CBIZ Risk Alert: STEPS YOU CAN TAKE TO MANAGE THE RISKS

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Is your organization still sorting through the implications of the disaster and its aftershocks?

If so, you may find the following list of areas to watch and questions to ask helpful as a way to keep your efforts on track in identifying and mitigating the business and financial risks.

For more information visit https:/www.cbiz.com/ras/

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CBIZ Risk Alert: STEPS YOU CAN TAKE TO MANAGE THE RISKS

  1. 1. Risk Alert STEPS YOU CAN TAKE TO MANAGE THE RISKSOF NATURAL DISASTERS AND THEIR AFTERSHOCKS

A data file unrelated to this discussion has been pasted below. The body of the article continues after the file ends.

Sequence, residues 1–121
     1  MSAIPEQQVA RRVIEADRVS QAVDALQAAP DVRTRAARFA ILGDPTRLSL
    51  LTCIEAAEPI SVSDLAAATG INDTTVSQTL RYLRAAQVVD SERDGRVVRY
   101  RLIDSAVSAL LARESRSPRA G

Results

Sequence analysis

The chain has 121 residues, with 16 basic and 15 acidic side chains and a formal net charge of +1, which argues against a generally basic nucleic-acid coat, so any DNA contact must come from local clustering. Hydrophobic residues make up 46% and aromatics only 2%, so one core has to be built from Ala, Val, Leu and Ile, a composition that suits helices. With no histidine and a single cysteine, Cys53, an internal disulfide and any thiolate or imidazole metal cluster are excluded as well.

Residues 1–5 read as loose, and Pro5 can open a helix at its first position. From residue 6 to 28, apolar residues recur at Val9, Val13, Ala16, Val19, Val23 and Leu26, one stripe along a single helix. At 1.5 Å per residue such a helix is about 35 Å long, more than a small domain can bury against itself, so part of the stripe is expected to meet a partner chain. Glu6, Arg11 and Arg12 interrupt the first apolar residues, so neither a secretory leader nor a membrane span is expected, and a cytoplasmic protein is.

2. 2. STEPS YOU CAN TAKE TO MANAGE THE RISKSOF NATURAL DISASTERS AND THEIR AFTERSHOCKS Last month, an earthquake and tsunami devastated the villages on Japan’s north-eastern coast and triggered power outages and nuclear threats in surrounding areas. These events were a humanitarian tragedy, resulting in terrible losses of lives and property. Today, we are still learning the full extent of the aftershocks for the business and financial communities. Manufacturers, retailers, construction companies, not-for-profit organizations, hedge funds, high net worth individuals – all are affected in myriad ways. The full effects of the crisis will likely become clearer in the days and months to come, as more information becomes available about the many implications for today’s interconnected world, ranging from global distribution and supply chains to relief funds and rebuilding plans. Ten Areas to watch closely Is your organization still sorting through the implications of the disaster and its aftershocks? If so, you may find the following list of areas to watch and questions to ask helpful as a way to keep your efforts on track in identifying and mitigating the business and financial risks. n Suppliers. Have you weighed the risk of disruptions to your company’s supply chain and identified back-up suppliers? Keep in mind that it may be necessary to go beyond your immediate suppliers and consider the impact on your suppliers’ suppliers to avoid risks of shortages, production stoppages, and higher prices. n Distributors. Have you considered the need for alternative methods of distribution after a natural disaster? In the wake of Japan’s crisis, retailers, distributors, and relief workers found they needed to look into emergency distribution channels as regular shipping lines encountered delays in shipments into Tokyo Bay and throughout Japan. n Finance. Are you monitoring the effects on foreign currencies and investment values? In the financial sector, hedge funds and insurance companies may need to calculate and communicate expected losses, while banks and other companies may need to adapt to more volatile exchange rates.